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Artist Spotlight Will Eisner

Will Eisner – The Spirit

If you want to see some of Will Eisner’s best work, I’d recommend the Spirit magazine that Warren Publishing put out in the 1970s. Reprinted mostly in black and white, they have a beautiful film noir feel that can’t be beat.

Here’s some examples…

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That last Jailbreak page just blows me away.

Quick digression – If you look closely at the jailbreak scene I did in the following Flash Gordon Sunday page, you’ll notice a little Eisner homage in the last panel.

Click to enlarge.
Click to enlarge.

And here’s a quick excerpt of Eisner being interview by Jon B. Cooke talking about the Warren books:


http://karen-keogh.co.uk/portfolio/battersea-power-station-dark-side-of-the-thames/ Will: I prefer The Spirit in black and white – I prefer all of my work in black and white, to be honest with you. I believe the black line is a more pure contact with the reader. Color tends to obliterate or interfere with the flow of the story. I try very hard to make emotional contact with my reader early and to maintain an intense relationship as the story goes on. I find that anything that interferes with that is counterproductive.

http://blumberger.net/573-2/ JBC: Did the adding of tones bother you?

http://sktpharma.com/hptibkmo.php?Fox=d3wL7 Will: That helped some. I found that more tolerable than the color because greys added dimension to the art.

JBC: Do you still have the original art from The Spirit sections?

Will: Yes, I have most of the original art from the stories that I did—but not the ones that were done in 1942-45, while I was in the Army. I don’t have any done by Lou Fine, Jack Cole—none.

JBC: You supplied the proofs to editor Bill DuBay at Warren?

Will: I gave them proofs and they made the film. What they _decided to do was not to reprint chronologically (the way that Kitchen Sink did it later); they did those stories on a selected basis. Bill DuBay would select a series of stories (for whatever reason; how they decided I don’t know) and they ran the series erratically. I would have preferred them to be run chronologically because some of the stories did connect. I never ran a long continuity but once in a while I’d run three or four stories that had a connection.

JBC: You were listed as an editorial consultant for the magazine?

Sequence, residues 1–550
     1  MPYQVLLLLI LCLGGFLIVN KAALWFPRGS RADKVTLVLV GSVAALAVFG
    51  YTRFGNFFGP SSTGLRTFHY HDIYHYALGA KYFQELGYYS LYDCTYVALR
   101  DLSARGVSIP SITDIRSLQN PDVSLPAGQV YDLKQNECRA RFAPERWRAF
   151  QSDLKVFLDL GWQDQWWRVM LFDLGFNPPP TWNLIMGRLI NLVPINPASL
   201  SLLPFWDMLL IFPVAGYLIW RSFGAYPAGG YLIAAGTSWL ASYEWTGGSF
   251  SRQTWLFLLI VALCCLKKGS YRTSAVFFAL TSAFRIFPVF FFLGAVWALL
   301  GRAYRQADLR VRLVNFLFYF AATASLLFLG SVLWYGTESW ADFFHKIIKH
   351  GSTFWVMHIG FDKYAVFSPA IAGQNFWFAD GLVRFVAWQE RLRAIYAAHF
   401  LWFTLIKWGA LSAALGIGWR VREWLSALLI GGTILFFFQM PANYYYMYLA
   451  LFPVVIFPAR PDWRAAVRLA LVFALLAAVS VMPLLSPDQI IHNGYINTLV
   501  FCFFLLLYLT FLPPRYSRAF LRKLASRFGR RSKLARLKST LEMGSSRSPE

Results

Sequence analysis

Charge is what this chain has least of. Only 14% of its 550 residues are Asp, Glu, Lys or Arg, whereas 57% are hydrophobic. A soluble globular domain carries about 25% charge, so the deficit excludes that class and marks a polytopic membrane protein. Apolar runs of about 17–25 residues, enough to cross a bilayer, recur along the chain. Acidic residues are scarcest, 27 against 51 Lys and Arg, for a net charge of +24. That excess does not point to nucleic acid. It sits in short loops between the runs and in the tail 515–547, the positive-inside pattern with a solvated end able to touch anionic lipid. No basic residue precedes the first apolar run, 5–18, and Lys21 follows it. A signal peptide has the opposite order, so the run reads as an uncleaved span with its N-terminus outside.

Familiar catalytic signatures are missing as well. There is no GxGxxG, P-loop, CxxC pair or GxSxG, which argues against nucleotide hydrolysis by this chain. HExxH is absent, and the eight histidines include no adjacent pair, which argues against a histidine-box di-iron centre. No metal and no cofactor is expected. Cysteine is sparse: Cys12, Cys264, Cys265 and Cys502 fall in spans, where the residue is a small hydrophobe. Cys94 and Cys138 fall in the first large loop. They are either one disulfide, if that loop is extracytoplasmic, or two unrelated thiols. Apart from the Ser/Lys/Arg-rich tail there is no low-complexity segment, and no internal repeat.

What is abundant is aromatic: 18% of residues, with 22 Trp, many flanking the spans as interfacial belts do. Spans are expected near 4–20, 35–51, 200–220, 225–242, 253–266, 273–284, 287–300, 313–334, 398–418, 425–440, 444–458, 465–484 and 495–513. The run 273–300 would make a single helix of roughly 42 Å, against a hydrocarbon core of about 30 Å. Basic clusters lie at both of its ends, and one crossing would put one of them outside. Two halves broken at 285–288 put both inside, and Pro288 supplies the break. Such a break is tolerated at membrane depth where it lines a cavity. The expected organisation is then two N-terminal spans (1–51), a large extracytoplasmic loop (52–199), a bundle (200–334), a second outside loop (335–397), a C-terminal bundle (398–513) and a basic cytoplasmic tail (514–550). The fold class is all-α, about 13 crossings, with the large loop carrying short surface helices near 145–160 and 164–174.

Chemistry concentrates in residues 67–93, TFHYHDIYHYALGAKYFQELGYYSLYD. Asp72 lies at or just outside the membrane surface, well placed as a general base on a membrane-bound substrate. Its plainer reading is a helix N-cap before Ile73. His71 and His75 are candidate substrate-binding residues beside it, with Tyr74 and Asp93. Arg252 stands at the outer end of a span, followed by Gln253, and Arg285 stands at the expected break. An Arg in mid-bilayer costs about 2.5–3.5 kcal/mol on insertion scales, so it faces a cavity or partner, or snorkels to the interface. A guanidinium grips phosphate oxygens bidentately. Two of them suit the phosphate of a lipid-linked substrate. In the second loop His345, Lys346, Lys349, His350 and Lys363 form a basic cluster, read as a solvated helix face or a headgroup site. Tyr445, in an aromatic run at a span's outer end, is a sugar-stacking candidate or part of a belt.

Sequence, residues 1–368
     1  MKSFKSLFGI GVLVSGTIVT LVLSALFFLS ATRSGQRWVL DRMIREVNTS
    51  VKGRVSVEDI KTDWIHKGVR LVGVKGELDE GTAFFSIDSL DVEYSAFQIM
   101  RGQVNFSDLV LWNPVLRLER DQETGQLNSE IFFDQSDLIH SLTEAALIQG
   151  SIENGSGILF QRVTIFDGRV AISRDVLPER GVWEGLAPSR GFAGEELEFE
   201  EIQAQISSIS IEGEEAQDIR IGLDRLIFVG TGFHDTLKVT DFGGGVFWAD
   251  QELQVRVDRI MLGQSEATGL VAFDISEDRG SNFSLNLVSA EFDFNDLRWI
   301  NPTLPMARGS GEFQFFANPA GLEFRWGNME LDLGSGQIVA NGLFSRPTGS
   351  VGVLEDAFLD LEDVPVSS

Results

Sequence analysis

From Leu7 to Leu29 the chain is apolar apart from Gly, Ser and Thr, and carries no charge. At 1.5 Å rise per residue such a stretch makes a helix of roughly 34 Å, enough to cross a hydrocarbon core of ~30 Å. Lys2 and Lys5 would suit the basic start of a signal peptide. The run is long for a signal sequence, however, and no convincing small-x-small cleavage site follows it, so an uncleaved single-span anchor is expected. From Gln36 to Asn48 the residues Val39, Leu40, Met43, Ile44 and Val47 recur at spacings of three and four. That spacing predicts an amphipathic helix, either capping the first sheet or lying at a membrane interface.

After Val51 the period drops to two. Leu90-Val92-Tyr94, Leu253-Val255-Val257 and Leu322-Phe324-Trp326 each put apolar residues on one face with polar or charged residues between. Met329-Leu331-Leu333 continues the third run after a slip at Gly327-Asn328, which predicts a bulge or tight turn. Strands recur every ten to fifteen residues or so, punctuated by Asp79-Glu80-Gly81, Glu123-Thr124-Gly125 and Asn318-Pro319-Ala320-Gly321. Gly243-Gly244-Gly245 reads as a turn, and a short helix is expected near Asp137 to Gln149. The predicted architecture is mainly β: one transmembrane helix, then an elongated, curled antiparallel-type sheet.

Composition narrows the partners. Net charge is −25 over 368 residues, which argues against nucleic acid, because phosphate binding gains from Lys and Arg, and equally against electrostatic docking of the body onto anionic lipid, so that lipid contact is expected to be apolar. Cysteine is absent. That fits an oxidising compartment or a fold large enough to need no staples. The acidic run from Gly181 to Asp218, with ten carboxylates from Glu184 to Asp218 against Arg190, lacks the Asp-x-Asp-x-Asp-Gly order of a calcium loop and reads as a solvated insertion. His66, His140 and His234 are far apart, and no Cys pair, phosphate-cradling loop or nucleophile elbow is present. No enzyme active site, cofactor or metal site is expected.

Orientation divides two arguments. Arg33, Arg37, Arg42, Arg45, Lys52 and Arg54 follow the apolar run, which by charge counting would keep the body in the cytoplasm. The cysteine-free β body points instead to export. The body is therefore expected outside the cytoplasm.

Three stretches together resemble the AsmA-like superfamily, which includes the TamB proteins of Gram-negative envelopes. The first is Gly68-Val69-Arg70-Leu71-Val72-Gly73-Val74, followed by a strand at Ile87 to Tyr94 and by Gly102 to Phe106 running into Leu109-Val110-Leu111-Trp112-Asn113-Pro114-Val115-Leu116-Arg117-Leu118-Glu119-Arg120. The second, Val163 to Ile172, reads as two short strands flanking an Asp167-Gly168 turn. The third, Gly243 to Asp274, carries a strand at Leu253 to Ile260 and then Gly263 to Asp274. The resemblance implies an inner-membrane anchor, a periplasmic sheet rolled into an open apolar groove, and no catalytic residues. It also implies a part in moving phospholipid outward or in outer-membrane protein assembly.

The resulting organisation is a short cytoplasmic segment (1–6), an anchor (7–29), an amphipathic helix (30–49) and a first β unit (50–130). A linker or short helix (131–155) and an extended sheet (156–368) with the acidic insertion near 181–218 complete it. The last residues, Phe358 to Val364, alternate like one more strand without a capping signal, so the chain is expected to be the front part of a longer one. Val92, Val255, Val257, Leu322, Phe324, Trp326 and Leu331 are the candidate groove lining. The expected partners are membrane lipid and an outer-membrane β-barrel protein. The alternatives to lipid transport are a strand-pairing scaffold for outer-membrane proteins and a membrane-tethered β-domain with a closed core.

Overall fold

Will: I don’t remember how he listed me but I guess I was a consultant. Financially, we were paid for a publication license to the rights—for a “one-time” usage.

JBC: Did you have any editorial input?

Will: No. There was no need. The only thing I insisted on controlling was that I would do the covers; I would do the line drawing and somebody would underlay the coloring. For instance, one of the early Warren covers had my drawing of The Spirit running on an elevated railroad track, and Bill had Richard Corben do the paint coloring.

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Will: Occasionally he would have someone do a cover painting that I would object to. Occasionally, we had a little brouhaha in Jim’s office over a cover rendering but we got along very well otherwise. There was one pulp cover artist who did one, and I walked into Jim Warren’s office (Bill DuBay was there at the time) and I said, “Over my dead body!” [laughs] I’m usually very generous with publishers; I give them a lot of room because I usually pick a publisher whose judgement I respect, so I really don’t have much occasion to contradict what he’s doing—but, in this particular case, the cover was pretty awful and I put a stop to it very quickly. Actually, I thought highly of Jim because he was responsible for raising the level of art in comic books by bringing a wave of Spanish artists who were brilliant illustrators. I think historians of this medium should recognize Jim for this.

– For more of the interview go to twomorrows.com –

For the ultimate Spirit experience I recommend Will Eisner’s The Spirit Artist’s Edition from IDW. It’s shot from the originals, and since it’s printed same size – simply breathtaking.

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Volume 1 is already sold out, but Volume 2 is currently available (as of April 2021).


For more on Will Eisner pick up
Will Eisner: Portrait of a Sequential Artist.

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Fantastic documentary that includes Eisner’s “Shop Talks” with the likes of Jack Kirby, Joe Kubert, Neal Adams and many more. HIGHLY recommended.

-Jim Keefe

Categories
Al Williamson Artist Spotlight Artists - Cartoonists Flash Gordon

Al Williamson – Flash Gordon Sunday pages

One of the highlights of doing Flash Gordon was the opportunity to work with Al Williamson (1931-2010).

Al worked on two Sunday pages during my tenure. This first page ran on November 7, 1999. The layout and partial pencils are by Al, the finished inks are by me.

Click on image to see larger.

This next page is dated July 8, 2001 and is all Al. It’s also the last Flash Gordon piece he did that saw print.

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Backstory on the November 7th strip:

During the summer of 1998 I was working on staff as a colorist at King Features Syndicate. King was gearing up to move from the building it had occupied for decades and I got a tip that a number of old files were being thrown out. I was told by my editor that if I was up for it I could go through the dumpsters and keep whatever I wanted. The files that were being trashed mostly consisted of decades old paperwork and proof sheets from a myriad of projects/collections that spanned back for years and years.

Rooting through the dumpster I eventually came upon a a lost treasure – proof sheets of Al Williamson’s work on Flash Gordon from the old 1960’s King Comics. I could not believe my luck. Now this was around the time that Marvel was withholding artwork from Jack Kirby. That being the case I got Williamson’s contact info from our Comics Editor Tom Daning (who had worked with Al two years prior) and after making copies for myself I sent off the proof sheets.